But, with the law degree so incessantly seen as one of the most arduous undergraduate degrees by students and lecturers it seems unlikely that someone with only an incidental inclination for the law would last too long at law school. For example, the law programme at University of Guyana is a notably competitive one. Each year sees approximately sixty students entered and at the end of the three year programme the top 25 with the highest GPAs are offered a place at the Hugh Wooding Law School in Trinidad to complete the final two years. It would seem the cream rises to the top, but because of love of the trade or just hard work?
Milassa Benjamin, is not studying at University of Guyana but pursuing a law degree in her first year at a private university, School of the Nations University. But even there she admits: “I am not sure whether persons are driven by passion for the law though or just passion for doing better than their peers and making their resumes look good for future job prospects. I think of those who do well some do excel because they love it but doing well for its own reward is a major part, too.”
If the students are succeeding, though, one wonders if the reasons why are important. Students may be working assiduously in hopes of attaining a partnership at a good firm at the end of the program, but is that such a bad thing?
Jan Ginter Deutsch of Yale Law School in a paper “Corporate Law as the Ideology of Capitalism” considers a number of issues on the relationship between law and economics. Her issues are not the same as ours in Guyana, but if the relationship between law and economics is close, is the lawyer fighting for his client urged on only by economics, an expressly bad lawyer?
The argument has been turning for centuries, philosopher John Dewey contended:
“Economics has been treated as on a lower level than either morals or politics. Yet the life which men, women and children actually lead, the opportunities open to them, the values they are capable of enjoying, their education, their share in all the things of art and science, are mainly determined by economic conditions. Hence we can hardly expect a moral system which ignores economic conditions to be other than remote and empty.”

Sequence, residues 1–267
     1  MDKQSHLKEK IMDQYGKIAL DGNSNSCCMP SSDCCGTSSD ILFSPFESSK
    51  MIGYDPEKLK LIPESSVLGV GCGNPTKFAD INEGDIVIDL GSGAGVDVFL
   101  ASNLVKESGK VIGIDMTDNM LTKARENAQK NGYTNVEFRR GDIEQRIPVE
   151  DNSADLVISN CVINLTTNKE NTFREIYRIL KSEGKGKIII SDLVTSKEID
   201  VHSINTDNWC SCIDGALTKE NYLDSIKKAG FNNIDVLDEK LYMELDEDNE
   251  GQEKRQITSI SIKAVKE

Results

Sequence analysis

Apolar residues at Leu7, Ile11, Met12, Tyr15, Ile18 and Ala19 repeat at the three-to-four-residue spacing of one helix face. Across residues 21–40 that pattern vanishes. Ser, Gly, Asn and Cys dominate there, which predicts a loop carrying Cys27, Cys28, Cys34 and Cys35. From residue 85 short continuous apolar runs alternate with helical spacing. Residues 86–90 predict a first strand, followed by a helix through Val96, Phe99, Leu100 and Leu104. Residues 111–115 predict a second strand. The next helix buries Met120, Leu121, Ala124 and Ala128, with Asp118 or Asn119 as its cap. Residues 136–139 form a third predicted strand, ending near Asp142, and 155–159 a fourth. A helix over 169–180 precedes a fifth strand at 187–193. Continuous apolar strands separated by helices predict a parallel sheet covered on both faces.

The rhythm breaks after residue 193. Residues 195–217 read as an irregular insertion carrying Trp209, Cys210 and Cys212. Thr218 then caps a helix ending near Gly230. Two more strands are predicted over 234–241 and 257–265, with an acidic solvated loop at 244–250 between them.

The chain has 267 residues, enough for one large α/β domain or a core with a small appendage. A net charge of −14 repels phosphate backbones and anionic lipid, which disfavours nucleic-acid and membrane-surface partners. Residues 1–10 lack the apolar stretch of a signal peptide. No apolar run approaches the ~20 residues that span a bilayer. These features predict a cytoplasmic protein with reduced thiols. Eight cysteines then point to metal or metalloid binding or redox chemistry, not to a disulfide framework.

Lauren agrees that a future battery of lawyers in it only for the economics is not ideal but then she points out. “A carpenter might not love his job but he still has the skill to make good furniture. At the end of the day I don’t have a problem with people being driven by money as long as they do their job competently and justly. Still, it would be a sad future if people just go through the system as is without really looking to see change and development.”
And, perhaps, therein rests the crux. Because lawyers exist in such a public sphere the moralistic roots of their assertions are almost always in question. Students may be flocking to the law department with zeal but if they’re doing well and performing their duties assiduously does it matter why they’re entering the field? Or, maybe we should be worried if an excess of them are not in it for the love of the law.
At the end of the day Tiffany says she is not too worried about the profession she hopes to call her own in a few years. “I think every profession has a few or more than a few people that have become jaded but there will always be those intrepid few that are compelled to excel for the love of the job itself. And even if it’s just one in ten, those few with their hearts and minds in the right place will lead the way.”
Perhaps, Tiffany is right. At the end of the day, those with the vested interest might end up being the ones leading the way. At least, that is the situation one hopes will transpire.